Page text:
71% of respondents disapprove PM Bidzina Ivanishvili’s intention to step down after the October 27 presidential election, according to a recent poll commissioned by U.S. National Democratic Institute (NDI) and released on September 23.
18% of respondents said they approve Ivanishvili’s intention, according to the poll, which was fielded by the Caucasus Resource Research Centers (CRRC) from August 18 through September 3.
The poll was part of a broader survey looking into public attitudes towards various policy and current issues, funded by the Swedish International Development Cooperation Agency (Sida). The survey was conducted through nationwide face-to-face interview with 3,838 respondents and has margin of error of plus, minus 2%.
The survey also includes political ratings, but this part of the poll will be made public on September 26.
Compared to previous, similar survey, number of those who think that Georgia is moving in the right direction has declined from 45% in June to 39% in the recent poll; the figure stood at 58% in March, 2013.
According to the recent poll 44% of respondents think that Georgia is a democracy now, a six percentage point increase since June; another 44% of respondents think that Georgia is not a democracy.
64% of respondents either completely or somewhat agree with a statement that the current government is making the changes that matter to them, statistically the same to June poll; the figure stood at 71% in March.
Number of respondents, who think that if UNM was in charge it would make the changes that matter to them, has increased from 20% in June to 26% in late August and early September; 55% of respondents disagree.
The survey shows that jobs remain the number one concern for most of the respondents (61%), followed by territorial integrity (35%) and affordable healthcare (29%).
Only 43% of respondents are aware about drafts of constitutional amendments, which have been tabled in the Parliament for consideration.
51% approve a draft of constitutional amendment, which, if adopted, will pave the way for relocation of the Parliament from Kutaisi to Tbilisi (the draft has not yet been debated in the Parliament).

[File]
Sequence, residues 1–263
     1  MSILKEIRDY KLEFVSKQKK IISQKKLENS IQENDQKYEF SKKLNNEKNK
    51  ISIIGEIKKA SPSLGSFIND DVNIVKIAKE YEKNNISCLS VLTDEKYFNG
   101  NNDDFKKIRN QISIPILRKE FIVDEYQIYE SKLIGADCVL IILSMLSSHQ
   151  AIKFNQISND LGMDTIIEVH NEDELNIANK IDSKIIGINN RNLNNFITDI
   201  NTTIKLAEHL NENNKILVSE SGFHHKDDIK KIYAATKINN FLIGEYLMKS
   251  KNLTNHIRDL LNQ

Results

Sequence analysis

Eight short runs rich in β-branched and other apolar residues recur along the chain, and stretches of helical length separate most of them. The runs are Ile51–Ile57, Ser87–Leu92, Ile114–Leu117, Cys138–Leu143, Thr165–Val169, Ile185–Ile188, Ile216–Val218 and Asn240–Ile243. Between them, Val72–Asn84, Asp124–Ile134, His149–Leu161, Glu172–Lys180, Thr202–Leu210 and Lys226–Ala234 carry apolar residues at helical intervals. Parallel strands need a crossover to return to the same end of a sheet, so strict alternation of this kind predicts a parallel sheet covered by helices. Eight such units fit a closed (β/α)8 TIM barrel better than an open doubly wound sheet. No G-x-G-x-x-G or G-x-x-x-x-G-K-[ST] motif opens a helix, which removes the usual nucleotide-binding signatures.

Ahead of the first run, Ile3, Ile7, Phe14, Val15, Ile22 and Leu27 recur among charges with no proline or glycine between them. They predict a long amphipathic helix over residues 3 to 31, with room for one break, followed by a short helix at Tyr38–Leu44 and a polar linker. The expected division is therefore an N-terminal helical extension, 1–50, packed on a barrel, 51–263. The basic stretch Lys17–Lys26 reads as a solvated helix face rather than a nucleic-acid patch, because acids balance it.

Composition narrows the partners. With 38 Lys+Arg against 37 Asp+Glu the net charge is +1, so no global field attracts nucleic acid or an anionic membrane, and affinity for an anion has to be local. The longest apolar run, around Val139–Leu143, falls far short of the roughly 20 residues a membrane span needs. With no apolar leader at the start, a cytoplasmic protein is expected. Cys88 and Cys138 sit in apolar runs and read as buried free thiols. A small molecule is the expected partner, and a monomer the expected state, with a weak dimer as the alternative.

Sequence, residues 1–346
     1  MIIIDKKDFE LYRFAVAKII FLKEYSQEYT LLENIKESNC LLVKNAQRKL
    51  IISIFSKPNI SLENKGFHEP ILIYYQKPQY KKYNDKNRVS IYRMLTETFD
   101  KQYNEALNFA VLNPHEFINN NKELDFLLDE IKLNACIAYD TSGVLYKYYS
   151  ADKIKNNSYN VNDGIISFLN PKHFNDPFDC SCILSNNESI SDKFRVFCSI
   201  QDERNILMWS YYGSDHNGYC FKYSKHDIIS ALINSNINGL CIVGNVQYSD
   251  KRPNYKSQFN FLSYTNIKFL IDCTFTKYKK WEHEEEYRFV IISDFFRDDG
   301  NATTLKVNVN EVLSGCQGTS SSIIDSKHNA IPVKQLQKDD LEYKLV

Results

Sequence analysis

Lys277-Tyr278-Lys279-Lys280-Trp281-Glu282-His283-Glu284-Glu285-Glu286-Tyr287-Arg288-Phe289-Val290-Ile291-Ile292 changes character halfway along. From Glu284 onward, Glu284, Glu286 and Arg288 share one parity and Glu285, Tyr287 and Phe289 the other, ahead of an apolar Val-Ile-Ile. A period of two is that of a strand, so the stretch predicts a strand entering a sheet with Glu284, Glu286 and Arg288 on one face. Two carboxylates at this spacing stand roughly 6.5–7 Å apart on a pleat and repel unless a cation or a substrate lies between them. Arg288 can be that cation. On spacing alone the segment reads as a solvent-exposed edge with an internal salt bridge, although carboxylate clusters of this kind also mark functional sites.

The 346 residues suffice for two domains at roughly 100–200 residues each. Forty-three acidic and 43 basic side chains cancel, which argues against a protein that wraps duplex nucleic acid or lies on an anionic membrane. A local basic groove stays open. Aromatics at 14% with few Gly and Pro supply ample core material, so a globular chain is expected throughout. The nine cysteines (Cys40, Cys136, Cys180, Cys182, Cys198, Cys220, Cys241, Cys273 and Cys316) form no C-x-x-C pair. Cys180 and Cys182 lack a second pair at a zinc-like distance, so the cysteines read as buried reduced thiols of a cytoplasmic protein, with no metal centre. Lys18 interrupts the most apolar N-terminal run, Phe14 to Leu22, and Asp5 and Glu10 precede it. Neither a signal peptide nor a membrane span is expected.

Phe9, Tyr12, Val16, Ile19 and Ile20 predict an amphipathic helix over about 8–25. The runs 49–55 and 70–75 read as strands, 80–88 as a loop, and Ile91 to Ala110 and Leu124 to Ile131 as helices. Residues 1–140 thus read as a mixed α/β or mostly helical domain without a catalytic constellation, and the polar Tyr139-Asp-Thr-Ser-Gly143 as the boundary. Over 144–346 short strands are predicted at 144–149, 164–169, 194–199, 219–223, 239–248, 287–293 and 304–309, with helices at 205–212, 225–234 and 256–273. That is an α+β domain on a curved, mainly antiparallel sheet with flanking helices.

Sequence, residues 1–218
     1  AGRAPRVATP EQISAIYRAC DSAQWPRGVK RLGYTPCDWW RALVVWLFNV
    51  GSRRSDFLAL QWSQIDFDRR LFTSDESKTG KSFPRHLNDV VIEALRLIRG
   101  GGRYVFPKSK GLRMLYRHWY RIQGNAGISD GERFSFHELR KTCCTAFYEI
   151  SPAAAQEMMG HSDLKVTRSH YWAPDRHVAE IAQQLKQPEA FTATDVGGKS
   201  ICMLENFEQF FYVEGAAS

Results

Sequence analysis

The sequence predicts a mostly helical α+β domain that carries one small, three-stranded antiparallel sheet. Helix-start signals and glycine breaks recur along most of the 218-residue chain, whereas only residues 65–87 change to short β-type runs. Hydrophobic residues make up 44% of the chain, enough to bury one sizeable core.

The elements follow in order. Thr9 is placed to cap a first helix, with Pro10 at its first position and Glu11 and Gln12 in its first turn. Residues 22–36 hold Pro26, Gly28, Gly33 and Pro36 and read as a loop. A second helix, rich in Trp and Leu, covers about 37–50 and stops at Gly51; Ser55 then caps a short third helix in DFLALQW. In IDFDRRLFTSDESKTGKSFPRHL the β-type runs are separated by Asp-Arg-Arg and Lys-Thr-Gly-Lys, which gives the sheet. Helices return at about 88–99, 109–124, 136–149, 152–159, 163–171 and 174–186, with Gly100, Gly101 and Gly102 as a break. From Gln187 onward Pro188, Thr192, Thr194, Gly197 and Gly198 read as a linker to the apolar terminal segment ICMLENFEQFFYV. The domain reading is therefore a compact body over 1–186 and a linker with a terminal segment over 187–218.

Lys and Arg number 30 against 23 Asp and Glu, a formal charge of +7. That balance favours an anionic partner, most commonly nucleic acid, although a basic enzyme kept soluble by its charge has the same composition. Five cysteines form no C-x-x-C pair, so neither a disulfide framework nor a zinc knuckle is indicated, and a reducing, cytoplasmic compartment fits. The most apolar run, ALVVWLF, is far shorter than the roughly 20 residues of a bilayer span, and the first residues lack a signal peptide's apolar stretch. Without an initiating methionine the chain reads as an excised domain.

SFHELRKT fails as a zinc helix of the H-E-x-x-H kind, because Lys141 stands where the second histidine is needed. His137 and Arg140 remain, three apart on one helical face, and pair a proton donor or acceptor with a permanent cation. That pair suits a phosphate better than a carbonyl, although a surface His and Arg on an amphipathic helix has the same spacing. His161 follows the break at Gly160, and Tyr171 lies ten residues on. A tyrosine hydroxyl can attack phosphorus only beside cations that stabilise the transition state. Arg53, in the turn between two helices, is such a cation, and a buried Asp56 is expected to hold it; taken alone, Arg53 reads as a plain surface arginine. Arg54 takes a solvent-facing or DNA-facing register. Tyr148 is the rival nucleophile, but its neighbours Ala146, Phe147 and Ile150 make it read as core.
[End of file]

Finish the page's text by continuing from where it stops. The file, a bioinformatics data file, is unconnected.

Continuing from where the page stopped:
48% approve a constitutional amendment, which cuts some of PM’s powers vis-à-vis parliament and which has already been passed unanimously by the Parliament with its first reading.
34% are in favor of a constitutional amendment, which, if passed, will keep threshold for passing any new constitutional change at current two-thirds majority instead of its increase to three-fourths majority; 22% are against of the proposal and 43% responded that they did not know.
61% of respondents say that protection of minority rights is important; 7% gave a negative response.
When asked about specific minority groups, majority of respondents said that protection of ethnic and religious minorities is important (62% and 56%, respectively).
But it’s the other way around when it comes to sexual minority rights.
Only 15% of respondents said that protection of sexual minorities’ rights is important and 58% responded negatively.
Number of respondents who are “dissatisfied” with Georgia’s current relations with Russia increased to from 63% in June to 70%; the figure stood at 49% in March.
36% think that Russia is “a threat to Georgia, but it is exaggerated” and 33% think it is “a real and existing threat”; number of respondents to say that Russia is “no threat to Georgia at all” increased from 20% in June to 25%.
76% approve Georgia’s decision to participate in the 2014 Winter Olympic Games in Sochi.
75% are in favor of re-establishing railway link with Russia via breakaway Abkhazia.
81% and 73% support Georgia’s membership to the European Union and NATO, respectively.